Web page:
"Cars that race in Formula SAE are entirely custom built," Sharp said. "Each year, the teams have to build a completely new chassis and everything, and since we're starting a new program, we're using this car to help attract members and as inspiration for our engineering. So, if we get stuck on a problem, say the suspension, and we can't figure out what's better, a pull rod or a push rod, we come to this car that we know works and we know was competitive."

Chris Gioia, assistant professor of physics and engineering, is the faculty adviser for Rock Racing. He is familiar with SAE clubs at Penn State University and West Virginia University where he was an undergraduate and graduate student.

"I'd walk past their garage all the time and see students working on a race car for their capstone project," Gioia said. "Over the course of the academic year, they'd design, build and test their car, and then they go out and race. Having this car at SRU ties in perfectly with our mechanical engineering curriculum. Students can learn about thermodynamics and engines heat transfer, mechanical design, machine design, and then there's project management with communication and breaking projects down into subsystems. Students can get a true sense of what it's like having an engineering job while still in school. This provides a very valuable experience for our students."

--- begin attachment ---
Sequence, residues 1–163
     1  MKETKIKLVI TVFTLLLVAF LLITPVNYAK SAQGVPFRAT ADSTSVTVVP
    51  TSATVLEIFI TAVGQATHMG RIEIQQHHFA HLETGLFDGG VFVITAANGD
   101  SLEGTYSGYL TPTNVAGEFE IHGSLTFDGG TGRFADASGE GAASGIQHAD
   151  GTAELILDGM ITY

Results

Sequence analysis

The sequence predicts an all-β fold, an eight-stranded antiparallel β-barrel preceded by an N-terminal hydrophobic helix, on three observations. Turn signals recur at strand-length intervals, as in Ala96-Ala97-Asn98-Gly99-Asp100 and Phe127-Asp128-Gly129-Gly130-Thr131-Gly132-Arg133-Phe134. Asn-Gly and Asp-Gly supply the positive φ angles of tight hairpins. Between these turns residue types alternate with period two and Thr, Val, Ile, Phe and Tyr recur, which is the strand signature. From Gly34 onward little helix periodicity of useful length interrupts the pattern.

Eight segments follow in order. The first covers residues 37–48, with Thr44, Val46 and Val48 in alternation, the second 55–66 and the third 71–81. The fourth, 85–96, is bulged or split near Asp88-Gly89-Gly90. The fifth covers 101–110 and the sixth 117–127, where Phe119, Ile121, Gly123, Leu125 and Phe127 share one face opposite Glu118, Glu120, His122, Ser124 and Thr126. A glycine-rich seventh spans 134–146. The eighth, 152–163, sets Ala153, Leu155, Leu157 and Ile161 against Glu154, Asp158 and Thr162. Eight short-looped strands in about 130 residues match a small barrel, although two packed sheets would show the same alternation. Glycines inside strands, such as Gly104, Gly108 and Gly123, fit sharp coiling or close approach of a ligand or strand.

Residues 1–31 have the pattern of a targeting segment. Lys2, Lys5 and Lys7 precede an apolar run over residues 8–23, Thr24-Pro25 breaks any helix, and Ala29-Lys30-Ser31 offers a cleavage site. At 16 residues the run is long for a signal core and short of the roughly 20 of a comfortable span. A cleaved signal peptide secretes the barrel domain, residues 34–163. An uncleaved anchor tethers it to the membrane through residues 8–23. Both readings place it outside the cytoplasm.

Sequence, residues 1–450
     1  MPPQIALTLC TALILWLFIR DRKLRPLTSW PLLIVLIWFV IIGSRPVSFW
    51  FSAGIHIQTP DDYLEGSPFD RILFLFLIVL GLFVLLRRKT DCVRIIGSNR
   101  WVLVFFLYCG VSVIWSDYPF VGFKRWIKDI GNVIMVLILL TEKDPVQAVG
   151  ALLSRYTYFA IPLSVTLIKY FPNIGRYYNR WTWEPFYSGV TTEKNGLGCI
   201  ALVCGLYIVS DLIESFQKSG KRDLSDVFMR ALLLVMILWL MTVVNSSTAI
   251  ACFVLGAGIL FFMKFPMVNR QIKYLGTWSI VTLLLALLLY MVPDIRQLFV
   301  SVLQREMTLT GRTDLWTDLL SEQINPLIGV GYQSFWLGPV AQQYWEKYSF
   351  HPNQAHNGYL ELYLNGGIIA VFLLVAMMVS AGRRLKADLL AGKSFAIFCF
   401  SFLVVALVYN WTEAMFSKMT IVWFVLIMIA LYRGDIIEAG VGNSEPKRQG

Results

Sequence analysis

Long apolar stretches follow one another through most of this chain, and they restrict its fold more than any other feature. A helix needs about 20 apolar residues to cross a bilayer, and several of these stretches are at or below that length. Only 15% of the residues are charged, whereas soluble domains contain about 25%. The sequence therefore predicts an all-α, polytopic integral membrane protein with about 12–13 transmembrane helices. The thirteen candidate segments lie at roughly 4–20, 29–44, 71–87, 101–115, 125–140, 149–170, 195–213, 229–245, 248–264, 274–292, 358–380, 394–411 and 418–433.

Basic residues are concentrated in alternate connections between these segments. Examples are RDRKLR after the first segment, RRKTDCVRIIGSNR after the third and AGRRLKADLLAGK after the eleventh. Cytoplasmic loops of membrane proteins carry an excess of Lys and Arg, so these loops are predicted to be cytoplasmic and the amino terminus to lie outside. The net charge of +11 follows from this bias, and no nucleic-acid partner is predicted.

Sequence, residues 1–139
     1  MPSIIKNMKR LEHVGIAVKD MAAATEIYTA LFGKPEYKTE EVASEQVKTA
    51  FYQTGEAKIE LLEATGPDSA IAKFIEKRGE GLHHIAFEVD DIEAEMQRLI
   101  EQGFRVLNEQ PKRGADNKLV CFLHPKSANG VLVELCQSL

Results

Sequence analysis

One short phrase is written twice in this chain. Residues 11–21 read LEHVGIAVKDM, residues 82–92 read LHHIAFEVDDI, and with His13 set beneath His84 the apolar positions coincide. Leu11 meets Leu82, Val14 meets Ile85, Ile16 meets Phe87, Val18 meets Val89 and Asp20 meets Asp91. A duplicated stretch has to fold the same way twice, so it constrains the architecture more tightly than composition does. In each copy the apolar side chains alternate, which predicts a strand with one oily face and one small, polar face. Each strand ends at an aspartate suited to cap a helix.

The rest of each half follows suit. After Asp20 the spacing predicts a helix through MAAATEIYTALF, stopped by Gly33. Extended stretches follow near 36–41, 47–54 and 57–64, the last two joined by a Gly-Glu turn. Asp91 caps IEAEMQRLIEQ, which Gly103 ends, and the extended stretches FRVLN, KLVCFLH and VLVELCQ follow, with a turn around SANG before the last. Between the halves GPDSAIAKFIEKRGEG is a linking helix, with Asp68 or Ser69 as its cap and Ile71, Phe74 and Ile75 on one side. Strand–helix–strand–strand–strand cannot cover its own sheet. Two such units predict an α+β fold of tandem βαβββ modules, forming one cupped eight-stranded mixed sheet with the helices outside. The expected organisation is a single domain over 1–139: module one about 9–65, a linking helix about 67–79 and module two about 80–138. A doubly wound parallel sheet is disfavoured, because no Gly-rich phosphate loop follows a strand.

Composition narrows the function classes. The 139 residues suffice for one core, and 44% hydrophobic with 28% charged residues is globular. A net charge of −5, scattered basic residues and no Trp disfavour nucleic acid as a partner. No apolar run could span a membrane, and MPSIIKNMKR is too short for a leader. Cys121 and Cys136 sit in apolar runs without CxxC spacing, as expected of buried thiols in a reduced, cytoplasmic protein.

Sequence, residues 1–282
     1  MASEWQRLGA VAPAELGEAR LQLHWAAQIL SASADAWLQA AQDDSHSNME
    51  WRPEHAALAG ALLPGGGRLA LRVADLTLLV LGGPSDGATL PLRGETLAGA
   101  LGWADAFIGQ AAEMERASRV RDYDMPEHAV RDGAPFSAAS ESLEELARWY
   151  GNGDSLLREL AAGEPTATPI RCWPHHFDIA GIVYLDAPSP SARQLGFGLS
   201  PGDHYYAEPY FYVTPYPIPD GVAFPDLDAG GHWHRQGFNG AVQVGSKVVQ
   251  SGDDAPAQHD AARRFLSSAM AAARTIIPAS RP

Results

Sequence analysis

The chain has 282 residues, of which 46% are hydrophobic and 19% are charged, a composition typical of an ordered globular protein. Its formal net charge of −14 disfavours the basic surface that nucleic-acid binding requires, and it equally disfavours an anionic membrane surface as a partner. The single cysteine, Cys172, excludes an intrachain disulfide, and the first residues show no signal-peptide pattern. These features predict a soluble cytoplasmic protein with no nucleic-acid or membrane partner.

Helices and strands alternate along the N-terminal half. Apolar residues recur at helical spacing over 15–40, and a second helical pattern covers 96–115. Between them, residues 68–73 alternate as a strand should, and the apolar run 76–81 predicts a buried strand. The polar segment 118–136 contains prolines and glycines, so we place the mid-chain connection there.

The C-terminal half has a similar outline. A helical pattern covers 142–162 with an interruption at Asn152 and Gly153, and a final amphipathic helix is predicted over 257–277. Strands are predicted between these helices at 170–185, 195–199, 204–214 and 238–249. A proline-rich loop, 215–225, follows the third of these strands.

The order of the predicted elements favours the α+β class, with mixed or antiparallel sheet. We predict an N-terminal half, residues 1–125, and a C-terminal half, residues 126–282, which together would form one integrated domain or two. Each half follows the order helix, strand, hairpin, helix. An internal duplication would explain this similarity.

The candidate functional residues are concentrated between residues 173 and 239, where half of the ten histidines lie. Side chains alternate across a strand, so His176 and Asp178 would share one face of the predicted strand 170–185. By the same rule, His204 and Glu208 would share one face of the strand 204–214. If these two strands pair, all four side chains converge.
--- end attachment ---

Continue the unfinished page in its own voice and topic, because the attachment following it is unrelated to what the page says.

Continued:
One of the Rock Racing members, Cameron Constantine, a sophomore mechanical engineering major from Pittsburgh, transferred from Penn State to SRU to take advantage of closer relationships with professors and to have more hands-on learning.

"We get to experience all these things that we're talking about in class: that's a big thing for me," said Constantine, who is already working on designing components using 3D printers at SRU. "Nate (Sharp) and I are both huge automotive fans; we love cars. When Nate brought this idea to the professors, he emailed me about it, I was all on board and thought, 'This is exactly what I want to do to leave my mark at this school.' It's really exciting to be a part of this."